The Pilgrim’s Progress
John Bunyan
Novels
13:03 h
Level 7
The Pilgrim's Progress from This World, to That Which Is to Come is a 1678 Christian allegory written by John Bunyan. It is regarded as one of the most significant works of religious, theological fiction in English literature. It has also been cited as the first novel written in English.

The Pilgrim’s Progress

From This World to That Which is to Come;
Delivered under the Similitude of a Dream

by
John Bunyan


The Author’s Apology
For His Book

WHEN at the first I took my pen in hand
Thus for to write, I did not understand
That I at all should make a little book
In such a mode: nay, I had undertook
To make another; which, when almost done,
Before I was aware I this begun.

And thus it was: I, writing of the way
And race of saints in this our gospel-day,
Fell suddenly into an allegory
About their journey, and the way to glory,
In more than twenty things which I set down
This done, I twenty more had in my crown,
And they again began to multiply,
Like sparks that from the coals of fire do fly.
Nay, then, thought I, if that you breed so fast,
I’ll put you by yourselves, lest you at last
Should prove ad infinitum, and eat out
The book that I already am about.
Well, so I did; but yet I did not think
To show to all the world my pen and ink
In such a mode; I only thought to make
I knew not what: nor did I undertake
Thereby to please my neighbor; no, not I;
I did it my own self to gratify

Neither did I but vacant seasons spend
In this my scribble; nor did I intend
But to divert myself, in doing this,
From worser thoughts, which make me do amiss.
Thus I set pen to paper with delight,
And quickly had my thoughts in black and white;
For having now my method by the end,
Still as I pull’d, it came; and so I penned
It down; until it came at last to be,
For length and breadth, the bigness which you see.

Well, when I had thus put mine ends together
I show’d them others, that I might see whether
They would condemn them, or them justify:
And some said, let them live; some, let them die:
Some said, John, print it; others said, Not so:
Some said, It might do good; others said, No.

Now was I in a strait, and did not see
Which was the best thing to be done by me:
At last I thought, Since ye are thus divided,
I print it will; and so the case decided.

For, thought I, some I see would have it done,
Though others in that channel do not run:
To prove, then, who advised for the best,
Thus I thought fit to put it to the test.

I further thought, if now I did deny
Those that would have it, thus to gratify;
I did not know, but hinder them I might
Of that which would to them be great delight.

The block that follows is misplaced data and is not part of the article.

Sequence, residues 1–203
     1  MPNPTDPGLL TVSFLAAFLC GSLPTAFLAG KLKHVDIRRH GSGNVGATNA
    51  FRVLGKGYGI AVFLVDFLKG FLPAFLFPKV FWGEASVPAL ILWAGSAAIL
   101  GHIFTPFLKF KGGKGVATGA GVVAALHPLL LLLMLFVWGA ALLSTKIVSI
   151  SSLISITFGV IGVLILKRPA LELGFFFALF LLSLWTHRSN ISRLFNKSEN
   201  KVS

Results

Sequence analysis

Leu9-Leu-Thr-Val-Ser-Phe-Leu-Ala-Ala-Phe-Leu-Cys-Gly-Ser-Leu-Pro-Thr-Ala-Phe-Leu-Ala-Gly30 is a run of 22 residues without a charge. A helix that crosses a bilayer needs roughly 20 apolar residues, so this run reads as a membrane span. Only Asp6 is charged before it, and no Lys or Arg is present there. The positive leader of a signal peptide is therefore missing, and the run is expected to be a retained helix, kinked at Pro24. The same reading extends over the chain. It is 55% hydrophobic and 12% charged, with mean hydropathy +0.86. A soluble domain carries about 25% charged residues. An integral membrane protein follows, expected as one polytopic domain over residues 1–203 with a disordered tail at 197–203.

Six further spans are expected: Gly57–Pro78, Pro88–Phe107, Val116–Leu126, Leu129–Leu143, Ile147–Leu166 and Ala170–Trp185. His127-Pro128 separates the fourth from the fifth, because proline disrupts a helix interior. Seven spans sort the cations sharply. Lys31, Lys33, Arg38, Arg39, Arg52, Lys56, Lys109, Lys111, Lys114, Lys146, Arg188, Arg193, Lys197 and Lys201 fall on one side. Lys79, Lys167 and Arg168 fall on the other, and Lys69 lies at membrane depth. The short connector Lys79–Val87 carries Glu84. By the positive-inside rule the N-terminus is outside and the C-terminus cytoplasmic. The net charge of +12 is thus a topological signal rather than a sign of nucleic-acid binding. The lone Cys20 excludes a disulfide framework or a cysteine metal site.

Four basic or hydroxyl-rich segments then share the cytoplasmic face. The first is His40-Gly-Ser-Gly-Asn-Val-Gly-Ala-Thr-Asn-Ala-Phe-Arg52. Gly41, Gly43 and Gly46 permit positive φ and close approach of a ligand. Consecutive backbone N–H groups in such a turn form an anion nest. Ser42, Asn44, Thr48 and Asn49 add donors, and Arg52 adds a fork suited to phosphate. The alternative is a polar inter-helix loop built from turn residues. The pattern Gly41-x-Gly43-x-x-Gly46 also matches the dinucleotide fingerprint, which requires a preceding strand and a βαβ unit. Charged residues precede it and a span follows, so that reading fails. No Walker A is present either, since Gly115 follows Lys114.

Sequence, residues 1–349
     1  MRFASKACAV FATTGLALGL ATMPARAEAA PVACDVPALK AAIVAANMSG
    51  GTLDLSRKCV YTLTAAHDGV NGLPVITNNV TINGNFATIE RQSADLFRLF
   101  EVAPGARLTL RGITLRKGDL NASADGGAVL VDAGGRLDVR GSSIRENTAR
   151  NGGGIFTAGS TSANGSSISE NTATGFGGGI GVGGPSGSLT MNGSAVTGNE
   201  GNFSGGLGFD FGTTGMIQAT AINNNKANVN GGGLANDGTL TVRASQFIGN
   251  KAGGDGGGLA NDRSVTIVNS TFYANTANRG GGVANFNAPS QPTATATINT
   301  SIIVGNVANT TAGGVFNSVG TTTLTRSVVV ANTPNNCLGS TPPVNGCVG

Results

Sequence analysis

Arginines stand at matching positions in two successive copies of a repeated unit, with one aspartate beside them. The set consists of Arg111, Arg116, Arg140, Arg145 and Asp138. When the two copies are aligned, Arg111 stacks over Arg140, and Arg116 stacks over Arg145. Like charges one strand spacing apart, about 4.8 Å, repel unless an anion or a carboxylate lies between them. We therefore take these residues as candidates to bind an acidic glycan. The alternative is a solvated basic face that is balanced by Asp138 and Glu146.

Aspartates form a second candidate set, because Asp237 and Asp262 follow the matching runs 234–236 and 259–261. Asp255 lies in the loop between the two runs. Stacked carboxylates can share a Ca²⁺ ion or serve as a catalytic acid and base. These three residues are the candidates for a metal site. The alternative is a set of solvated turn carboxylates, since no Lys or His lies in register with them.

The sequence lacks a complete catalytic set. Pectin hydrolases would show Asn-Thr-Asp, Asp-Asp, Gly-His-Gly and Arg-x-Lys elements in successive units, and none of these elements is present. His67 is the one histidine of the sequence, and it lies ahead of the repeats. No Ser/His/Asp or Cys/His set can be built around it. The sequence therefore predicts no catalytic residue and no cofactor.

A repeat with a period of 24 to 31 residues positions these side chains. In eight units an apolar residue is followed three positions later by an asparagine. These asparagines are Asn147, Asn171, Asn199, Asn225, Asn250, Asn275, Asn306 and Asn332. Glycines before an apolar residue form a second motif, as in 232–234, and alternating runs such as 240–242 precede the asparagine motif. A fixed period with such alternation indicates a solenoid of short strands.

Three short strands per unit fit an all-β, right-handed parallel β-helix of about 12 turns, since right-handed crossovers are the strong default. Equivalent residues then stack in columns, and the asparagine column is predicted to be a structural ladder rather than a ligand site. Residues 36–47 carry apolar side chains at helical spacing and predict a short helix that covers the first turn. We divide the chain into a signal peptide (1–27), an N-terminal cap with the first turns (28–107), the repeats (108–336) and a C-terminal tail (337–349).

For those which were not for its coming forth,
I said to them, Offend you, I am loath;
Yet since your brethren pleased with it be,
Forbear to judge, till you do further see.

If that thou wilt not read, let it alone;
Some love the meat, some love to pick the bone.
Yea, that I might them better palliate,
I did too with them thus expostulate:

May I not write in such a style as this?
In such a method too, and yet not miss
My end — thy good? Why may it not be done?
Dark clouds bring waters, when the bright bring none.
Yea, dark or bright, if they their silver drops
Cause to descend, the earth, by yielding crops,
Gives praise to both, and carpeth not at either,
But treasures up the fruit they yield together;
Yea, so commixes both, that in their fruit
None can distinguish this from that; they suit
Her well when hungry; but if she be full,
She spews out both, and makes their blessing null.

You see the ways the fisherman doth take
To catch the fish; what engines doth he make!
Behold how he engageth all his wits;
Also his snares, lines, angles, hooks, and nets:
Yet fish there be, that neither hook nor line,
Nor snare, nor net, nor engine can make thine:
They must be groped for, and be tickled too,
Or they will not be catch’d, whate’er you do.

How does the fowler seek to catch his game
By divers means! All which one cannot name.
His guns, his nets, his lime-twigs, light and bell:
He creeps, he goes, he stands; yea, who can tell
Of all his postures? Yet there’s none of these
Will make him master of what fowls he please.
Yea, he must pipe and whistle, to catch this;
Yet if he does so, that bird he will miss.
If that a pearl may in toad’s head dwell,
And may be found too in an oyster-shell;
If things that promise nothing, do contain
What better is than gold; who will disdain,
That have an inkling of it, there to look,
That they may find it. Now my little book,
(Though void of all these paintings that may make
It with this or the other man to take,)
Is not without those things that do excel
What do in brave but empty notions dwell.

“Well, yet I am not fully satisfied
That this your book will stand, when soundly tried.”

Why, what’s the matter? “It is dark.” What though?
“But it is feigned.” What of that? I trow
Some men by feigned words, as dark as mine,
Make truth to spangle, and its rays to shine.
“But they want solidness.” Speak, man, thy mind.
“They drown the weak; metaphors make us blind.”

Solidity, indeed, becomes the pen
Of him that writeth things divine to men:
But must I needs want solidness, because
By metaphors I speak? Were not God’s laws,
His gospel laws, in olden time held forth
By types, shadows, and metaphors? Yet loth
Will any sober man be to find fault
With them, lest he be found for to assault
The highest wisdom! No, he rather stoops,
And seeks to find out what, by pins and loops,
By calves and sheep, by heifers, and by rams,
By birds and herbs, and by the blood of lambs,
God speaketh to him; and happy is he
That finds the light and grace that in them be.